In Michigan, each county sets their own gudelines that parents must follow with respect to having visitation with their kids. Residents of Wayne County, Michigan, are expected to follow Court of Common Pleas Title 18 rules.

Under these rules, both parents are expected to enjoy liberal visitation with their shared child. Whatever schedule is agreed to must be reasonable for the number of children involved, how old they are and have one parent that lives to the next. Any agreed-to schedules should seek to give both parents ample enough time with their child and to limit the exchange of them back and forth.

In split custody situations, the court may be asked to step in and make a determination as to what type of visitation is fair and equal. When this occurs, a judge will aim to keep siblings together so that they can enjoy each other’s company and bond during these sessions.

This rule also calls for parents to put the needs of their children first when devising visitation schedules.

One of the most basic visitation schedules the court recommends is an alternating weekend one. This allows a child to be dropped off at the other parent’s home at 6 p.m. on a Friday and to not be picked up until the same time 48 hours later on Sunday.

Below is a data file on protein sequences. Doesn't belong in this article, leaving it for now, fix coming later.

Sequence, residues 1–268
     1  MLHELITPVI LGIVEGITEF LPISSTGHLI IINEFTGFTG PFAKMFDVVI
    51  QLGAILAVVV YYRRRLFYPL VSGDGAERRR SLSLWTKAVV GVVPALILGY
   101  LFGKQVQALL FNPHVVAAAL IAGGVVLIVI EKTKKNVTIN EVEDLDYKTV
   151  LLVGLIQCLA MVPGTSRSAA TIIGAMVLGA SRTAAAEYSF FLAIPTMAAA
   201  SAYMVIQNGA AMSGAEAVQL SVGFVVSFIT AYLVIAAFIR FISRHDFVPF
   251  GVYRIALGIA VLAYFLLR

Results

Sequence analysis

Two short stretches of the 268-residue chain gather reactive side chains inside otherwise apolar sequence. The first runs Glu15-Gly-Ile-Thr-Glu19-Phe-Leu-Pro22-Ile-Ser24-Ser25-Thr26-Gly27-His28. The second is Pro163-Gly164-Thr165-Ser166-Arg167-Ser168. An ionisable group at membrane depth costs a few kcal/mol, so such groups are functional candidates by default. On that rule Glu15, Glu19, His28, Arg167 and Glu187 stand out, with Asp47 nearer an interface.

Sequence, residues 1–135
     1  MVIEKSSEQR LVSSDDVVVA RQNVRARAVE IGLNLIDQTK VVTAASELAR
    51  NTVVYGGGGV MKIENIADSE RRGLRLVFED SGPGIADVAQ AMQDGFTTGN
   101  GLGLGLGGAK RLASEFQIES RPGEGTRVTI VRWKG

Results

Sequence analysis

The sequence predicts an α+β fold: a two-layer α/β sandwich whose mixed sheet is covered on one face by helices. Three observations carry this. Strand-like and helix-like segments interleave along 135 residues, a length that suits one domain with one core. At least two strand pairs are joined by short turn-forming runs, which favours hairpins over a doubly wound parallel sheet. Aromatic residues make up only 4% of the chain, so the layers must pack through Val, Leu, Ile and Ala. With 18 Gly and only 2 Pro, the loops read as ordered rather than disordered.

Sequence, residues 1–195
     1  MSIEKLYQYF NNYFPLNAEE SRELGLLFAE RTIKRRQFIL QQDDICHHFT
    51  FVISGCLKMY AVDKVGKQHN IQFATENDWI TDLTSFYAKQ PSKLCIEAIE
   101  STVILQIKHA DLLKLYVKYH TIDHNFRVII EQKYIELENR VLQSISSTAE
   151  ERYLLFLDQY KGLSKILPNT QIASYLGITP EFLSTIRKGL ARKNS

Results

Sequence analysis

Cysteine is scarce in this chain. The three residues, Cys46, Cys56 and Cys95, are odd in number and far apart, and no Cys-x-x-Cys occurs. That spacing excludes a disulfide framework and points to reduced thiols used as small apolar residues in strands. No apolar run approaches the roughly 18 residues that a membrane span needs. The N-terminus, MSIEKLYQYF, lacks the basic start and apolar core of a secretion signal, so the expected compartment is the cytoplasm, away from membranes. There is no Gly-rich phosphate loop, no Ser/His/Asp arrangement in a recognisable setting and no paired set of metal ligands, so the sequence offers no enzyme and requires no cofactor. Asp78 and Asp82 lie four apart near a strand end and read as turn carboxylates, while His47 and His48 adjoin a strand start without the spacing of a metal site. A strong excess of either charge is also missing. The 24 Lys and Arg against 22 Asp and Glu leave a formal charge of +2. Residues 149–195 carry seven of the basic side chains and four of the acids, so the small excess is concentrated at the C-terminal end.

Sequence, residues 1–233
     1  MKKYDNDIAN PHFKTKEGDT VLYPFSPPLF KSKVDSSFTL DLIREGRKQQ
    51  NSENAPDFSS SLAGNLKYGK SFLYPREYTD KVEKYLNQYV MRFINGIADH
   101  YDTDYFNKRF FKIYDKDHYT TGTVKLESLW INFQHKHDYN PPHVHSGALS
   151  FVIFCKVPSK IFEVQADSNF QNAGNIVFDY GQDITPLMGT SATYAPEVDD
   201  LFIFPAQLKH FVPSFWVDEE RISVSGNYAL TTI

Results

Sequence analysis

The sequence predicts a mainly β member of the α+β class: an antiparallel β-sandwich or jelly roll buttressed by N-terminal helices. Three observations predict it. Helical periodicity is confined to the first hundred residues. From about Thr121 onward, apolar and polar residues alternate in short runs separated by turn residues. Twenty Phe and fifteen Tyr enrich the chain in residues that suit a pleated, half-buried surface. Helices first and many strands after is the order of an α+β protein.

If parents agree to this schedule, then the court requires that the nonresidental parent be given a single opportunity to enjoy visitation with their child during the week on Wednesdays. This should take place between 4:30 p.m. and 8 p.m.

The court also recognizes seven holidays including Thanksgiving, Labor Day, Fourth of July, Memorial Day, Easter, President’s Day and Martin Luther King Day. Factors that will determine who gets the kids for that holiday include whether it’s an odd or even year.

They also have rules in place for when the turnover of the kids must occur. There are also specific guidelines surrounding how Christmas Eve and Day should be handled as well.

How couples divide up custody during the week, on weekends and holidays is far more involved, especially if a judge is called in to decide as opposed to a couple making decisions for themselves.

If you’re struggling to reach an agreement with your ex over visitation with your children, then a Trenton attorney can guide you through the process.

Source: Wayne County Court of Common Pleas, “Title 18: Parenting time, companionship and visitation schedules,” accessed May 18, 2018